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18 March 2015, 16:38
Chancellor George Osborne's been delivering his last budget before the General Election in May.
Here are the main points:
The income tax personal allowance is to rise to £10,800 next year and £11,000 the year after, making typical working taxpayer £900 a year better off and cutting tax for 27 million people.
Above-inflation rise in threshold for 40p income tax rate from £42,385 this year to £43,300 by 2017/18.
The transferable tax allowance for married couples to rise to £1,100.
The share of income tax paid by the top 1% of earners is projected to rise from 25% in 2010 to more than 27% this year, while lower-paid 50% of earners pay a smaller proportion than under Labour.
Employers' national insurance for under-21s will be abolished from this April and for young apprentices from next April.
A "major review" of the business rates system and the reduction in the annual investment allowance to be set at a rate "much more generous" than £25,000.
Class Two national insurance contributions for the self-employed to be abolished in next Parliament.
The annual tax return will be abolished altogether, replaced by digital and online systems.
A penny a pint will be knocked off beer duty, cider duty will be cut by 2% and duty on Scotch whisky and other spirits also cut by 2%. Wine duty frozen and duties on tobacco and gaming also unchanged.
The fuel duty increase which was scheduled for September is cancelled.
The pension pot lifetime allowance to be reduced from £1.25 million to £1 million from next year, saving £600 million annually.
Government to legislate next week on diverted profits tax aimed at multinationals shifting profits offshore, and bring it into effect at the start of April.
Tax rules to be tightened to prevent contrived loss arrangements, use of foreign branches to reclaim VAT on overheads, clampdown on "umbrella companies" and ensure entrepreneurs relief is only available to those selling genuine stakes in businesses.
The measures on tax avoidance and evasion to raise £3.1 billion over the forecast period.
Review on the use of deeds of variation to avoid inheritance tax, to report by the autumn.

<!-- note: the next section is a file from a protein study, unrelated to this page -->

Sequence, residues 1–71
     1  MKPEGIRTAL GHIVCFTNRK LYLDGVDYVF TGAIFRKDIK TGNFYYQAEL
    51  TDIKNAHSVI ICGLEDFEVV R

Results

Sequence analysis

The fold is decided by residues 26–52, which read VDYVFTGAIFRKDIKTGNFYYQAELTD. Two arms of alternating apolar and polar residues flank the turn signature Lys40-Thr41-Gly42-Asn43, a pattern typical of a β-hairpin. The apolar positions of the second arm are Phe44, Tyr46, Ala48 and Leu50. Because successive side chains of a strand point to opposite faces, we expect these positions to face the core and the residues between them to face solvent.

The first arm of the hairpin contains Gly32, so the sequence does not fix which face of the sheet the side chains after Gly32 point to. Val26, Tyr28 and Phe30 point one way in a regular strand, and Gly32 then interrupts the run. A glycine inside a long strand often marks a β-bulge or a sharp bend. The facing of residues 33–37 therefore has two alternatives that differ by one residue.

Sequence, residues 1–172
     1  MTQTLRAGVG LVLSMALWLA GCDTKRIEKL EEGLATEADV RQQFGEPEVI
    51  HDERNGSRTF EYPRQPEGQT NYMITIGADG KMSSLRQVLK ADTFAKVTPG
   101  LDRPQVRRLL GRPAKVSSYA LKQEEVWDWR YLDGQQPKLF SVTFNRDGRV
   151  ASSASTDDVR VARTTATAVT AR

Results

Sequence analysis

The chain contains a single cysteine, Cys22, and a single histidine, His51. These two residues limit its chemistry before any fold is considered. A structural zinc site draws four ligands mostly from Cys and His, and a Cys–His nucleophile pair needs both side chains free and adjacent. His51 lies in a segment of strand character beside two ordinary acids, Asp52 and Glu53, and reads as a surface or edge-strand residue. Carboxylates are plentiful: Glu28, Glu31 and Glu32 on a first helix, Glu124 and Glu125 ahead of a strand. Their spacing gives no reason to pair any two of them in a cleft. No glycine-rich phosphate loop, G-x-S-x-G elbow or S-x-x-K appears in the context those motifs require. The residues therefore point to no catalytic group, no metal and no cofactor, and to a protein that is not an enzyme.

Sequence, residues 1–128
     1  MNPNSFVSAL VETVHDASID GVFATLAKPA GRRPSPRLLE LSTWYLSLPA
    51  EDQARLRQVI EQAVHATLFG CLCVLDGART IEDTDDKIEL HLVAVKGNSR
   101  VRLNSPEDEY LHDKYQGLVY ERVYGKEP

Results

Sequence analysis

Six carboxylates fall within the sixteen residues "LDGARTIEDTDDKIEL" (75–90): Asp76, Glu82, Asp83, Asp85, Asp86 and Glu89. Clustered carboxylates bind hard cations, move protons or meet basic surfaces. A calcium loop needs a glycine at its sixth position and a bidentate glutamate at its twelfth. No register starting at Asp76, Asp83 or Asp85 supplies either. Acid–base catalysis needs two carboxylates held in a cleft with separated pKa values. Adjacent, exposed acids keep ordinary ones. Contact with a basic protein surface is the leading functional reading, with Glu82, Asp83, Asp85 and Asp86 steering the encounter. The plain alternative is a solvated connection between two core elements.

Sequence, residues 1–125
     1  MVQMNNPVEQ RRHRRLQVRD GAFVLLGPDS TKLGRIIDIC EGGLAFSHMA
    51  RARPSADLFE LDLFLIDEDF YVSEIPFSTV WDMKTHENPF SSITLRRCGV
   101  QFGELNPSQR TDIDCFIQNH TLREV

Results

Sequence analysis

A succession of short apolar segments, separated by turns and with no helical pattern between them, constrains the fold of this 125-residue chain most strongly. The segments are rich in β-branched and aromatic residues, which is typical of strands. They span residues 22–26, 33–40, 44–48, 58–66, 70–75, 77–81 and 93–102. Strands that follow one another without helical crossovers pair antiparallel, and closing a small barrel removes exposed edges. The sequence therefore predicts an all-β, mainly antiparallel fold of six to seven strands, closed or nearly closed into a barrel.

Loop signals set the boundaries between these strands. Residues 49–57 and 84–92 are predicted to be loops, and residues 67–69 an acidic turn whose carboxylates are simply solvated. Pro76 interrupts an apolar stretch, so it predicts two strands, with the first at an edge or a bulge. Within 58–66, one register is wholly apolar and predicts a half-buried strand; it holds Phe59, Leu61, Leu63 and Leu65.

Bank levy raised to 0.21%, raising an additional £900 million a year, with banks to be barred from deducting compensation for mis-selling from their corporation tax bills. In total, new banking taxes to raise £5.3 billion across forecast period.
Reduced rate of increase in company car tax for low-emission vehicles - with other vehicle rates rising by 3% in 2019/20.
Introduction of "generous" tax allowance to stimulate investment in North Sea oil industry from start of April, with Government investing in new surveys of UK continental shelf.
Support totalling £1.3 billion for oil industry includes cut in petroleum revenue tax from 50% to 35% next year and in supplementary charge from 30% to 20%, backdated to January.
Law change to allow pensioners to access their annuities, with 55% tax charge abolished and tax applied at the marginal rate.
Annual savings limit for Isa increased to £15,240 and a new fully flexible Isa created.
A new Help To Buy Isa for first-time buyers allows the Government to top-up by £50 every £200 saved for a deposit.
A new personal savings allowance from April next year means first £1,000 of interest on savings will be tax-free.
At 2.6% UK growth was faster than any other major economy last year.
The forecast for UK growth in 2015 has been revised upwards from 2.4% in Autumn Statement to 2.5% now.
Unemployment is forcecast to fall to 5.3% across the UK this year.
Mr Osborne said the average household is around £900 better off in 2015 than 2010, with living standards set to grow strongly every year until 2020.
Welfare bills set to be an average of £3 billion lower each year than predicted in December.
Treasury to sell at least a further £9 billion of Lloyds Bank shares in the coming year and launch sale of £13 billion of mortgage assets from Northern Rock and Bradford & Bingley.
Resources from bank sales, lower interest payments and lower welfare bills to be used to pay down the national debt.
Squeeze on public spending to end a year earlier than planned, so that in 2019/20 spending grows in line with the growth of the economy.
A further £75 million from Libor fines paid by the banks to go to good causes.
Additional money to support the fight against terrorism.
An extension to £8,000 in automatic gift aid will benefit 6,500 small charities.
Support for automotive industry including investment of £100 million for driverless technology.
Announcement of "more generous" tax credits for TV and film, expanded support for video games industry and new tax credit for orchestras.
A new horse race betting right, and a consultation on tax support for local newspapers.
Up to £600 million to clear new spectrum bands for auction to improve mobile networks.